Gartner’s Customer Experience in Marketing Survey found that the B2B marketers surveyed currently lag their B2C peers in CX, with only 61% reporting that they compete mostly or completely on the basis of CX (compared to 69% of B2C respondents). What’s interesting, however, is that in this same survey, 82% of the B2B respondents anticipated that in two years their company would be competing on CX, compared to only 76% of the B2C respondents.
B2B is rife for differentiating CX experiences. A common misconception is that B2B purchase decisions are focused on maximizing business value, but a CEB survey of 3,000 purchasers of 36 B2B brands across multiple industries found that only 14% perceived enough difference between brands’ business value to be willing to pay extra for it. The perception of personal value, on the other hand, was a different story. CEB defined personal value in terms of professional benefits options like being a better leader, social benefits options like fitting in with colleagues, emotional benefits options like confidence, or self-image benefits options like doing good for society. They found that B2B purchasers were nearly 50% more likely to buy a product or service when they perceived personal value in their business purchase decision, and they were eight times more likely to pay a premium for comparable products and services when personal value was present.
Competing on CX in B2B must move beyond ease of use and/or providing useful information. My colleague Augie Ray has recently written on how to identify and activate powerful CX experiences. His CX pyramid is a framework that moves from providing useful information at its base up to energizing personal values at its pinnacle.
Brands that want to provide innovative, differentiating customer experiences will need to focus their efforts on moving up the CX pyramid.
So what does this look like in B2B? A good example is Slack. Slack launched in 2013 and was an early mover in the workstream collaboration solution market (a bit of trivia: Slack stands for “searchable log of all conversation and knowledge”). On the surface, workstream collaboration solutions do not sound particularly inspirational, but Slack made a concerted effort to make them seem so. Advocacy is an important part of Slack’s business model, as it depends on word-of-mouth among its users to grow adoption within an organization. From the outset, it placed the customer-user at the center of everything it does. It moved up the CX pyramid from being useful and usable, to meeting needs that its customers didn’t know they had, to focusing on the inspirational and aspirational things that a passion for great collaboration can enable. For example, this video presents a genuine case of customer advocacy that highlights the features that nobody knew they needed, and the Spotlight feature on the company’s blog highlights the human benefits of communication and collaboration.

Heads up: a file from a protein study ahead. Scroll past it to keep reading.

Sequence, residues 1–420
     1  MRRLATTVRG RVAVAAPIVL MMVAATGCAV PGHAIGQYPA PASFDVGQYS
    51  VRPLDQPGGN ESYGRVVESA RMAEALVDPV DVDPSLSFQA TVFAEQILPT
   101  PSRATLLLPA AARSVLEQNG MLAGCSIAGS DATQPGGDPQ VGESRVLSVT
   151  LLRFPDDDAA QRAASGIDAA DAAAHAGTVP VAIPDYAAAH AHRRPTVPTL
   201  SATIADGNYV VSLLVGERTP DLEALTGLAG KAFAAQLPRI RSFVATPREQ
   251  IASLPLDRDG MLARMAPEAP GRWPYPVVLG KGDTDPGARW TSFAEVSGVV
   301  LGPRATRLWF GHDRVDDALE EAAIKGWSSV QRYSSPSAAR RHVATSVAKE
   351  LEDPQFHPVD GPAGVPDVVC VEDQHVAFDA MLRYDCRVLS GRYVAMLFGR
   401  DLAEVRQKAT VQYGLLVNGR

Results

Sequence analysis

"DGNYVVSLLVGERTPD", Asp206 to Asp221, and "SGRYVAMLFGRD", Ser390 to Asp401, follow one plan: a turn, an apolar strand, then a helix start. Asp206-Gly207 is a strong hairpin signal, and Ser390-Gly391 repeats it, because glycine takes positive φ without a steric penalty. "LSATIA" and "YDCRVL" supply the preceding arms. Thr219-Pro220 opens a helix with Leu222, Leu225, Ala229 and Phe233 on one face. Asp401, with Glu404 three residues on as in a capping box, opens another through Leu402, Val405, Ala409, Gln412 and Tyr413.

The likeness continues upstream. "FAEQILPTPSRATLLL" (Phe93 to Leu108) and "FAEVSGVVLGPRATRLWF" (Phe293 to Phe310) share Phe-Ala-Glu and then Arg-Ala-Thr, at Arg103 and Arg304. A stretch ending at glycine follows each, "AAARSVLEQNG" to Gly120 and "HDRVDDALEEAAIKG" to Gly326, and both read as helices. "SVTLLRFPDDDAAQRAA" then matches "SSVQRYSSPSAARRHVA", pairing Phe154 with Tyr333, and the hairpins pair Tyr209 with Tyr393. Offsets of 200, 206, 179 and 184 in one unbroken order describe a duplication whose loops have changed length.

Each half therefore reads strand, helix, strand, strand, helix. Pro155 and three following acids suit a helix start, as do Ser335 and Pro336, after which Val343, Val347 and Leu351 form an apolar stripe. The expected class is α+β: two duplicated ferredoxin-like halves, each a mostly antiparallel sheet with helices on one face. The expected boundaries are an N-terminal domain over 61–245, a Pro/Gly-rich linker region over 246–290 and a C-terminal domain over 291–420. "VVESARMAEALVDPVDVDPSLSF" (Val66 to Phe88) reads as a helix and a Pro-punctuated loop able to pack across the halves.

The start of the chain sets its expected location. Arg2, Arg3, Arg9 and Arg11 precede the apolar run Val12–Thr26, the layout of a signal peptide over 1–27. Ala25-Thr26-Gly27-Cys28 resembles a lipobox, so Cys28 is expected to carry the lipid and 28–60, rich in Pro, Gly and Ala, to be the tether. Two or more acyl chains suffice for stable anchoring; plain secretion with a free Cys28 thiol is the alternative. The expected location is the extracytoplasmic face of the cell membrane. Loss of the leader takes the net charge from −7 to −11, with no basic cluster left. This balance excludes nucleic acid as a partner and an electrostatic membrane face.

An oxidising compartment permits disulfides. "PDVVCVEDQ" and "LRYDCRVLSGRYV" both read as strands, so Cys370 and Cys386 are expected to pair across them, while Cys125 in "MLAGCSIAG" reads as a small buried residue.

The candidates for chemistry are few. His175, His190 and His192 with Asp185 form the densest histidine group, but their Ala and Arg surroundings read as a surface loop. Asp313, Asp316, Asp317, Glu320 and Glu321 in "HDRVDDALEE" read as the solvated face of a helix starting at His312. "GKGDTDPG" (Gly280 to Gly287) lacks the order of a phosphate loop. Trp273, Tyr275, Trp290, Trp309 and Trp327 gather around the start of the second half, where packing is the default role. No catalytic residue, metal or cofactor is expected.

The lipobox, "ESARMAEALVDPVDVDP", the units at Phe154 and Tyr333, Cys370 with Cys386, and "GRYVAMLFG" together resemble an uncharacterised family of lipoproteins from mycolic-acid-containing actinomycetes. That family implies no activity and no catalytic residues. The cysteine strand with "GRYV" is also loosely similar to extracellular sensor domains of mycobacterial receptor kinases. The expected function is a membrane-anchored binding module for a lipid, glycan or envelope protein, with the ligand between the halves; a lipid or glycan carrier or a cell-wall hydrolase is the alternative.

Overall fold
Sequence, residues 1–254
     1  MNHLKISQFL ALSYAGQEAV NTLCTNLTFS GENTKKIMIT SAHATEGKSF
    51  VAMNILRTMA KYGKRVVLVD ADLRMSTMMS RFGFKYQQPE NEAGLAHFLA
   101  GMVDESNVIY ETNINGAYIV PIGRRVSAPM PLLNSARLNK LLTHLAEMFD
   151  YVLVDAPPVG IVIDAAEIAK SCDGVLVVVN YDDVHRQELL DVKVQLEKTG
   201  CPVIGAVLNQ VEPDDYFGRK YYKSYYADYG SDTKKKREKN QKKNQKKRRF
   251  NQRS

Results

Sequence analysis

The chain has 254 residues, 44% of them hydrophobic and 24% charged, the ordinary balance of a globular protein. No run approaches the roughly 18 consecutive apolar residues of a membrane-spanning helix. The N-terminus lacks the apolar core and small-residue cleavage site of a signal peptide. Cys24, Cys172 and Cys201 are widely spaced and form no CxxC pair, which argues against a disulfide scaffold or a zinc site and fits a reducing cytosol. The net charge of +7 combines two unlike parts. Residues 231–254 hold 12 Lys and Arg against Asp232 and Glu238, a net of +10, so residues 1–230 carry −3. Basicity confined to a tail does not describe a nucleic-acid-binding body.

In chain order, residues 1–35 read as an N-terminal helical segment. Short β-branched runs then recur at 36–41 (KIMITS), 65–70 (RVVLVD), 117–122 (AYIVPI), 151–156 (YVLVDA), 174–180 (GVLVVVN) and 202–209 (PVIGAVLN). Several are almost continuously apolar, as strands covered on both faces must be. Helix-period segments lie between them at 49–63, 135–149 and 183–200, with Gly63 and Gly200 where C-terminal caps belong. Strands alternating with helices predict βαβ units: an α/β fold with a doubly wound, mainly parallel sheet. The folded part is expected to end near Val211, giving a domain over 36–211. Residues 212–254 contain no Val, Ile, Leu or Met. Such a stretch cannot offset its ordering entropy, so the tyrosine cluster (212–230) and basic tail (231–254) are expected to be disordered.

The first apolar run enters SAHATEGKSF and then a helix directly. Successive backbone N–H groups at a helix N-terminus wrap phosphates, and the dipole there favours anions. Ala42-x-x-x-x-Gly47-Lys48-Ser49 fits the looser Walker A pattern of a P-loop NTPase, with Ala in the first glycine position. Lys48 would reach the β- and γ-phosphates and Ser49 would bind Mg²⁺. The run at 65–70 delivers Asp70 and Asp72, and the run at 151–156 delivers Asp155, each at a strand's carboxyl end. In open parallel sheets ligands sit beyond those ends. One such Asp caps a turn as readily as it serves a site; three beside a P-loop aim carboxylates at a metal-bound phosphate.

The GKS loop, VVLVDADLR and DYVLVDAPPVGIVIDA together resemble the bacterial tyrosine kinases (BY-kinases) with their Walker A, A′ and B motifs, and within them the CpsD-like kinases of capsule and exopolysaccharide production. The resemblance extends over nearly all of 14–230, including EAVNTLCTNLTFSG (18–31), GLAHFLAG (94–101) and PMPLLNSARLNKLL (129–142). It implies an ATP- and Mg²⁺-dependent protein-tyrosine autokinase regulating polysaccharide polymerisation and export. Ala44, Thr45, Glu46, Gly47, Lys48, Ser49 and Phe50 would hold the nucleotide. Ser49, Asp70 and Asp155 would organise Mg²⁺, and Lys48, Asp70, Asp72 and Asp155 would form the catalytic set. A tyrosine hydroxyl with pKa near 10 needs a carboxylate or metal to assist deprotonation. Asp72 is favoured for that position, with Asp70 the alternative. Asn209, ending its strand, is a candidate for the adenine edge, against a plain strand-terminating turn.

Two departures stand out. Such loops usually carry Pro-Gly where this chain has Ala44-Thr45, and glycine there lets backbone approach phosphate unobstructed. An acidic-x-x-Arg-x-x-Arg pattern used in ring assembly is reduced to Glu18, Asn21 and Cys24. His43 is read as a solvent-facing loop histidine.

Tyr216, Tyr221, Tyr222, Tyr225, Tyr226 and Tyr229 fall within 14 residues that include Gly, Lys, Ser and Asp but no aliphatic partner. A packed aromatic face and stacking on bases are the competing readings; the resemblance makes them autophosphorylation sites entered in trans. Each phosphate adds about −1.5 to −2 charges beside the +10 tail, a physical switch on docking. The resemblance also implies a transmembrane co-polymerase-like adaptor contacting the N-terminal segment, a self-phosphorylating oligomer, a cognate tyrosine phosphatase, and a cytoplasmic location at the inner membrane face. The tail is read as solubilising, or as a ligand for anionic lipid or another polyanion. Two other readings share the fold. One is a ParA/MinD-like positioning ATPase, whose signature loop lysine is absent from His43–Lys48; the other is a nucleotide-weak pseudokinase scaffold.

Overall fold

Slack actively encourages – and addresses – customer feedback. Within the app itself it encourages feedback through an ever-present feedback button, and through its Twitter presence it publicly solicits feedback on how to improve features. Slack iterates its software continuously based on this feedback, fine-tuning existing features and adding new capabilities. The results: a 97% customer satisfaction (CSAT) score, and a very engaged user base that makes Slack’s usage stats comparable to the most popular social networks.
What does a 97% CSAT get you in terms of business results? For Slack, it gets 70% market share, annual recurring revenue growth of more than 100%, 6 million active daily users and the leading position in a market that includes heavy-hitters like Microsoft and Google and that is projected to grow at a compound annual growth rate of 96% between 2016 and 2021. Not bad for a B2B company that is barely five years old. (Data from Gartner’s SWOT analysis.)
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